In September, for instance, the attackers behind a ransomware attack against the Allen Independent School District in Texas reportedly reached out directly to parents, threatening to publish their children's personal information online if the school district failed to pay a ransom.

In some cases, cybercriminals have also threatened to additionally launch distributed denial-of-service (DDoS) attacks against a company as an extra layer of extortion. Robert McArdle, director of cybercrime research at Trend Micro, said that this approach would work well on an eCommerce victim.

“If we consider triple extortion generally meaning DDoS on top, and quadruple meaning ‘contact your customers found from your leaked data,’ I think the latter is the stronger of the two for criminals,” he said. “But regardless, either works well to drive up innovation and profits.”

Erin Sindelar, threat researcher at Trend Micro, said that the use of three or four extortion tactics for one cyberattack will be employed by more ransomware families as the threat continues to evolve. The use of extortion is successful for cybercriminals because it plays into victims' fears around potential financial, reputational or legal consequences, she said.

“In today’s ransomware attacks, criminals want victims to feel like their only hope for recovery is to pay,” said Sindelar. “Ransomware affiliates try to position themselves as the heroes of the story who are able to rescue the victims they’ve compromised because they need victims to think their solution is the only solution to their ransomware problem.”

The Future of Extortion and Mitigations

As cybercriminals continue to look for new ways to successfully blackmail their victims, McArdle predicts that future innovations will be centralized around refining their business practices as opposed to technical approaches.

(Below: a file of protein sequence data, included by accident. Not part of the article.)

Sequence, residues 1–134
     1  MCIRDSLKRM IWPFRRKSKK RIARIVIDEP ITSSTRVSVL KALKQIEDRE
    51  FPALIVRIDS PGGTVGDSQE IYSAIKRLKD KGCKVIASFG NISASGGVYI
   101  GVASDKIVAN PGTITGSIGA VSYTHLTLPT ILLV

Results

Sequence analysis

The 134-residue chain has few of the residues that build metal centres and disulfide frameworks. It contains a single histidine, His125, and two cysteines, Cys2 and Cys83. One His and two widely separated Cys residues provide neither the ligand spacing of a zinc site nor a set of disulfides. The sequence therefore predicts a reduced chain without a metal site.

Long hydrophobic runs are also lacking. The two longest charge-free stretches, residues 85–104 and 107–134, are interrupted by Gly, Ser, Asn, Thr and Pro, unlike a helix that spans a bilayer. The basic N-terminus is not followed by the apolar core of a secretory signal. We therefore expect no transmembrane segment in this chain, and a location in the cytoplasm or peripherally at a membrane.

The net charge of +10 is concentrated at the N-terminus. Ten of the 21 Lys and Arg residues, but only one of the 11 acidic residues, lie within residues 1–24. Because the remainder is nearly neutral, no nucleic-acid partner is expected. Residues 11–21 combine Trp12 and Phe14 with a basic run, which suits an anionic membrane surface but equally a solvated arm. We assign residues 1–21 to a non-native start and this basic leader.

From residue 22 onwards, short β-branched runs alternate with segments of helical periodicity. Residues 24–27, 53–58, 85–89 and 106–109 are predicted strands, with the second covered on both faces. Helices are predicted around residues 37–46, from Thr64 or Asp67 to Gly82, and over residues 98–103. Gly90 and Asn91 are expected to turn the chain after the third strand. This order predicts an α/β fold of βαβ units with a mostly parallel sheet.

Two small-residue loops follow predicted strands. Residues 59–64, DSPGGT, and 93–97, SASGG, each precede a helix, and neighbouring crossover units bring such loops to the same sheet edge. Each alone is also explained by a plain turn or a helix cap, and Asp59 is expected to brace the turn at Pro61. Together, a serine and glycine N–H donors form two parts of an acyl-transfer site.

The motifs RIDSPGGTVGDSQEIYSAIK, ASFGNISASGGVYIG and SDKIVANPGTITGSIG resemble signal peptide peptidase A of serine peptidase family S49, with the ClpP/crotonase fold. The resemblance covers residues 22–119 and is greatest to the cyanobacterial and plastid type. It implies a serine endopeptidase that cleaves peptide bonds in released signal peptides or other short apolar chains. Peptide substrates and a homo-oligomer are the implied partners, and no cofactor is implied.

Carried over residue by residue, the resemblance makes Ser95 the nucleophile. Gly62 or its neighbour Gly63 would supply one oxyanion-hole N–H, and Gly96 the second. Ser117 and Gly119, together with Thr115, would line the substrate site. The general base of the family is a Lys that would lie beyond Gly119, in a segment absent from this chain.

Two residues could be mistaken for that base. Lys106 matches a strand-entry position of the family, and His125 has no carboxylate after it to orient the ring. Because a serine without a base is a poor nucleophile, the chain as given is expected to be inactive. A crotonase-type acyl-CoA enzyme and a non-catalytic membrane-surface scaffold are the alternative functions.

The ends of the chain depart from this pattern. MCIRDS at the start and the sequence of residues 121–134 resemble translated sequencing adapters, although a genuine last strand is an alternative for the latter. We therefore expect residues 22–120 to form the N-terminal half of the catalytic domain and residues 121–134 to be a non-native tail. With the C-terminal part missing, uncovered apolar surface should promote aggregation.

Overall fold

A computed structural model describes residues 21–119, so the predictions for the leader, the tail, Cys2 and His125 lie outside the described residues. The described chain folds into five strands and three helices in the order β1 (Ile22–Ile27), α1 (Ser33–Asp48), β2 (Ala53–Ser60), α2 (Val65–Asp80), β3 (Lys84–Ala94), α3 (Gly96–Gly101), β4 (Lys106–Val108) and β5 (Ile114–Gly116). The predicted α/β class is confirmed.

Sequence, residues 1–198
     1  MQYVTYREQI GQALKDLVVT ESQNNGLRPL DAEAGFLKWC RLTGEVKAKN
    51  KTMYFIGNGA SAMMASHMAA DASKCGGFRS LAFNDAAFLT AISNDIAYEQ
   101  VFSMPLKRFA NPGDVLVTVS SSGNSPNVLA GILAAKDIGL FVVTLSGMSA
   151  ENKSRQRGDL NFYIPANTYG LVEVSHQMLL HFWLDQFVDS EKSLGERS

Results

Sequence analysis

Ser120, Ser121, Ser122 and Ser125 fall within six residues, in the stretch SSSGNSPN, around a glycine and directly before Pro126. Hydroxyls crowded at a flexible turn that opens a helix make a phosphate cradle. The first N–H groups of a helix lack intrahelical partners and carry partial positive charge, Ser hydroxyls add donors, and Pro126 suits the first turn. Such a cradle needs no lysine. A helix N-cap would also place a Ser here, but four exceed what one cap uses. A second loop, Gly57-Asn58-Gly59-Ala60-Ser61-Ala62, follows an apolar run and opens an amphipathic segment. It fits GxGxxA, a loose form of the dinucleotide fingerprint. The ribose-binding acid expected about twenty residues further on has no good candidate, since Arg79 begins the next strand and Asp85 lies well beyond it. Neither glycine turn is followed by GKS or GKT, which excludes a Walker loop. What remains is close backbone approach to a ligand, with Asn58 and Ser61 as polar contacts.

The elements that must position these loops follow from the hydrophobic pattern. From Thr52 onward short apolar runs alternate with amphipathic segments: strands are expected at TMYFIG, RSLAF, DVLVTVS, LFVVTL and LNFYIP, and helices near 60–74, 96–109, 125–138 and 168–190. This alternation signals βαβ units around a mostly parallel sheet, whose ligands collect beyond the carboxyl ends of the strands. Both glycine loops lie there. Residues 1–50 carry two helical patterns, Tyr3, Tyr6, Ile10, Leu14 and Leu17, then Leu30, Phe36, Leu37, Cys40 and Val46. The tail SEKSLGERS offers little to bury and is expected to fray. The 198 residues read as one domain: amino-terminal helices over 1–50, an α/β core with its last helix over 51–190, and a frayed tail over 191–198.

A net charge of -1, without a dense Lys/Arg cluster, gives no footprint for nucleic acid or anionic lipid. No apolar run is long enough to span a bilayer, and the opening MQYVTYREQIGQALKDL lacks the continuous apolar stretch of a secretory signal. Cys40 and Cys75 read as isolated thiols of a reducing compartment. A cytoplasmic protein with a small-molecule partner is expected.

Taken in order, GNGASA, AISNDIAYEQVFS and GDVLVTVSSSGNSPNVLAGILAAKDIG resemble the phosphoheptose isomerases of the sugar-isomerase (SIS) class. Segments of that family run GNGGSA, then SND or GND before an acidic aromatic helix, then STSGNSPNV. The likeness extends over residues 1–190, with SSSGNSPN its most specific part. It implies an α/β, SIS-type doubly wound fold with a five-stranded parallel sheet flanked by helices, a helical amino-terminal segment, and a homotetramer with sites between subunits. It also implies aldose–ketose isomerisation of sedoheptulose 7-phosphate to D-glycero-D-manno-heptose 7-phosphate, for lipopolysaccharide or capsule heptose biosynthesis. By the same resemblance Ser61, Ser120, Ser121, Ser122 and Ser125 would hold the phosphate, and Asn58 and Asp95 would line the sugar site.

“That makes sense with the volume of money moving around - even a 2 percent increase on profitability can be a significant pay day,” said McArdle. “We see this in groups like Grief, who warn that if professional negotiators are engaged by the company, they will immediately remove any ability to decrypt. They are trying to optimize their discussions with victims to have more of them turn into revenue generating opportunities for the criminal group/business.”

SnapMC and many other threat groups that leverage extortion typically achieve initial access through known vulnerabilities, for which fixes exist. Researchers warn that the malicious activity from cybercriminals could also be automated and take less time - so companies need to ensure that they can detect these attacks while also having an incident response plan ready to execute.

“Patching in a timely manner and keeping (internet connected) devices up-to-date is the most effective way to prevent falling victim to these types of attacks,” said researchers with NCC Group. “Make sure to identify where vulnerable software resides within your network by (regularly performing) vulnerability scanning.”

Trend Micro’s Sindelar said, cyberattacks that leverage extortion are most effective against unprepared organizations.

“The best option for organizations is to prepare – protect critical assets and IT infrastructure, have detection technology in place to identify these attacks before the ransomware is dropped, and have a plan for recovery and response if an attack is successful,” said Sindelar. “These steps help the organization stay in control of the situation even if they’ve been successfully compromised.”